Hearing loss doesn’t slow down the hard work of hand keeper Eric Dillner

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NORTH BRAFORD – He looks up at the glass as he leaves the crease to play the puck, as the game mirrors Hand’s junior hockey goalie Eric Dillner.

He can see the failure before the other team come towards him from behind. And he can see where his teammates are.

“Because I can’t hear them say ‘one over!’ “Or something like that,” Dillner said.

Dillner is hard of hearing, normally wears a hearing aid in his left ear but has difficulty wearing it on the ice. Playing with the American Hearing Impaired Hockey Association (AHIHA), however, made him a better skater and eased his transition to the net two years ago. And luckily, his goaltending coach dad is there to help.


So there, in this reflection of his own, is the game, as he would like to be: inclusive, a family and proof of the value of work.

“(The Tigers) all know who the hardest worker on the ice is,” said Hand coach Brian Gonsalves. “Everyone on the list feeds on this. They turn to him for a bit of advice, how to get better.

“If he’s willing to do it, every day, even when he’s successful – even if he’s having a bad day, he comes up, ‘what can I do to get better?’ It comes after an 8-0 shutout against Scarsdale (NY), the very next practice, ‘what can I do to improve myself?’ It fuels the boys, from freshmen to seniors. “

Dillner helped the Tigers go 18-5-1 last year, setting an academic record for wins en route to the Division III semifinals. Back in Division II this season, they are 9-1 heading into Friday’s game against rival Guilford and Saturday’s game against Cheshire.

He mostly played defense growing up at the Northford Ice Pavilion. But his father, also named Eric, was a goaltender in his youth and has become a goaltender coach at West Haven High School in recent years. Young Eric has sometimes entered the net.

“The camp I go to in Chicago, AHIHA, I would bring a set of equipment sometimes and play goals there,” said Dillner. “Since Hand didn’t have a goalkeeper, I said, ‘I’ll do it. “”

He made the switch full-time two seasons ago in his freshman year. This transition in itself brings a set of challenges; many of his competitors were already chatting with college scouts when he was just trying to learn the job. He had to learn the technical aspects, “not just struggling all over the place”.

Doing so as a hard of hearing goaltender, in a position where communication is so important, brought other challenges.

“You’re kind of like the all-seeing quarterback. I have to tell my defense and the attackers what to do, ”Dillner said.

Getting everyone on the same page defensively involves a lot of pre-game talk.

“His work ethic is incredible,” Hand junior defenseman John Gagliardi said. “He continues to work harder and harder every year. He has improved a lot since the first year. It is an incredible achievement.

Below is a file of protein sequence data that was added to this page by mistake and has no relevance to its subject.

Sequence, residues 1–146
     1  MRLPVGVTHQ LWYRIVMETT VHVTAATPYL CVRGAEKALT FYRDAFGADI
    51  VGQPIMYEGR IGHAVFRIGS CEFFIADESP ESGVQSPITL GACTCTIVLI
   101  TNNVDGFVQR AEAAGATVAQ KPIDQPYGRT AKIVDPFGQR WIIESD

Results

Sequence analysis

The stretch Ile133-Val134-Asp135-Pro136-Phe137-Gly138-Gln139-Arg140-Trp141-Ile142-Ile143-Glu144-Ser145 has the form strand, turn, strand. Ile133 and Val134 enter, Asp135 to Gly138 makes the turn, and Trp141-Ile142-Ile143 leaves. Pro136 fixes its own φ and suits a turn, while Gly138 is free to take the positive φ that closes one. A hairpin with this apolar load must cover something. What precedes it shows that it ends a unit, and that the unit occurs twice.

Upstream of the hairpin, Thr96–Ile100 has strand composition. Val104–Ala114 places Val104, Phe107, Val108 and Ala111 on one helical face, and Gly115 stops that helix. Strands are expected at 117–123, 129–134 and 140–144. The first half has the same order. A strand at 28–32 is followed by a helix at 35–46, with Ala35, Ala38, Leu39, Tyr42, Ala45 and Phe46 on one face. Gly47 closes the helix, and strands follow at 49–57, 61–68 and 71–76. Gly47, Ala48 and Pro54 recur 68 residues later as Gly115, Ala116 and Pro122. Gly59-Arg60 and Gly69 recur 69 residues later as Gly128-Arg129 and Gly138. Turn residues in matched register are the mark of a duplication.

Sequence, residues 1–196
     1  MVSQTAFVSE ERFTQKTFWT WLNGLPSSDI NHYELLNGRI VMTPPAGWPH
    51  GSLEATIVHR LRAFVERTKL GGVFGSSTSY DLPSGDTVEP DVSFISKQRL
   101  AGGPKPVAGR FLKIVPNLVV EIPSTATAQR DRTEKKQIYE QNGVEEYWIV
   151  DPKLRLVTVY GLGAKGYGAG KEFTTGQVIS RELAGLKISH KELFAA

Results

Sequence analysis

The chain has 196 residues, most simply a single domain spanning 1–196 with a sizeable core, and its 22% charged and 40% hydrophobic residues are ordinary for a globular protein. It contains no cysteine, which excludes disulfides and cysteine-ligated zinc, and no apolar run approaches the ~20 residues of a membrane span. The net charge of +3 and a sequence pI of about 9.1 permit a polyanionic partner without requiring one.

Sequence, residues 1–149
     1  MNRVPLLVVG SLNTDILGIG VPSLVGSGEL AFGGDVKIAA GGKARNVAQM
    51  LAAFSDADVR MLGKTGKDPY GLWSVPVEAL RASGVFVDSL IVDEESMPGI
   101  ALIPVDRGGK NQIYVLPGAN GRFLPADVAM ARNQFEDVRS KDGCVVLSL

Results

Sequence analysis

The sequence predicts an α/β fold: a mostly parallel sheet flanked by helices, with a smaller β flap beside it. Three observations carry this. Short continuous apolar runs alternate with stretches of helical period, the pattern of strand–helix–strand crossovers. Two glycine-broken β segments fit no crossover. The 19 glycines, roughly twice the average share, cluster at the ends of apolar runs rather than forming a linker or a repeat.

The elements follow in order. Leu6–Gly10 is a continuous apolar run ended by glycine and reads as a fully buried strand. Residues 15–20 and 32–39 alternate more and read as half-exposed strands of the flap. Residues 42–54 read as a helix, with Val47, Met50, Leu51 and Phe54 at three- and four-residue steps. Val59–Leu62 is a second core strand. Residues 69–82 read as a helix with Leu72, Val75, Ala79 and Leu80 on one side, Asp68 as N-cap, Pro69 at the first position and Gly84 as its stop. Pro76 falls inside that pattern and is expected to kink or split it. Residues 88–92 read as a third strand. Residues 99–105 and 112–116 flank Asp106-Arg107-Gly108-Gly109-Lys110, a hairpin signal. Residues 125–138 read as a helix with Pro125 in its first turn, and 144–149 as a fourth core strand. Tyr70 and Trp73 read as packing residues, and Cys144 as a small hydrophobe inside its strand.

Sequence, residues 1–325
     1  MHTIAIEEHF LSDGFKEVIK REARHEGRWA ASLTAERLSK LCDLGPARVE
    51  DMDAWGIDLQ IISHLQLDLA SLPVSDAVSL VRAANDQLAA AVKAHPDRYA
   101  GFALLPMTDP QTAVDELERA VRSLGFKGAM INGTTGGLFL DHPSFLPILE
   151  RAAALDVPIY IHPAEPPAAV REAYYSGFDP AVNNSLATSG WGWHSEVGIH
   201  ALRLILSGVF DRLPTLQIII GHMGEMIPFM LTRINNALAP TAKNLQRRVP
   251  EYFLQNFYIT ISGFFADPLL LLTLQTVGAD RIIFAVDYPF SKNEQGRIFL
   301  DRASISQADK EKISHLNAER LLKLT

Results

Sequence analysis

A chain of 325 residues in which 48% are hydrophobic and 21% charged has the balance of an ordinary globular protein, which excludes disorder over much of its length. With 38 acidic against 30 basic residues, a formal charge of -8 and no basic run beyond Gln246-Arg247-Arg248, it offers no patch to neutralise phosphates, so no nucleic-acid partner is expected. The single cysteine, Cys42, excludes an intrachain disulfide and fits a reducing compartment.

“His work ethic is also great for feeding himself. We can look at it and say, hey, that didn’t happen overnight. These are countless hours.

Wearing a hearing aid is uncomfortable on the ice, said Dillner; it rubs in his helmet. Gonsalves said he would check with officials before a game to ask them to be loud with their whistles and voices. Dillner said he could hear a little better in his right ear.

“Since I can only hear from one side, I can’t hear the steering,” Dillner said. “If someone calls me, I’ll go around in circles before I find them.”

His father was a key resource in learning the job, he said, not only learning what to do physically, but managing the job mentally.

Elder Dillner grew up playing on goal in some top programs in St. Louis. He thought that at some point hockey could be a career; it didn’t turn out that way, but his son brought him back to the game when the family reunited with his wife’s family in West Haven. And then his son became a goalkeeper.

“He said, what should I do? I said there were angles, depth and attitude, ”said elder Dillner, who is licensed to train his son, and only his son, in Hand’s training. “He took it all and went all the way with them.

“He treats him like an engineer, the whole game. It’s really cool. “Tell me the process by which I do this, and I will. “

It’s an ethic young Dillner has always had, his father said, using what he learned from his hearing loss to complement his other senses.

“The community, the Hearing Impaired Hockey Association, has been very helpful in doing this,” said Elder Dillner. “You can call it a challenge, or you can call it a community that you can belong to.”

The youngest Dillner still goes to camp in Chicago in June; he won a few AHIHA awards and organized fundraisers. He hopes to one day give back to the organization as a coach, like AHIHA President and Coach Kevin Delaney, who is also a skills and skating coach for the Chicago Blackhawks. The Gintoli family of Shelton, along with the Deaf World Hockey Champions and the Deaflympics Champions, are friends, among many who have been made there.

“Many of them are completely deaf. I have to be able to communicate with them without saying a word, ”said Dillner. “I have to wave my arms, point my finger, say ‘you have to go here’ without saying a word.

“It’s tough sometimes, but it’s also fascinating to watch an entire hockey game where no one is screaming. These are just pucks, sticks and skates.

The game, thoughtful.

mfornabaio

@ ctpost.com; @fornabaioctp


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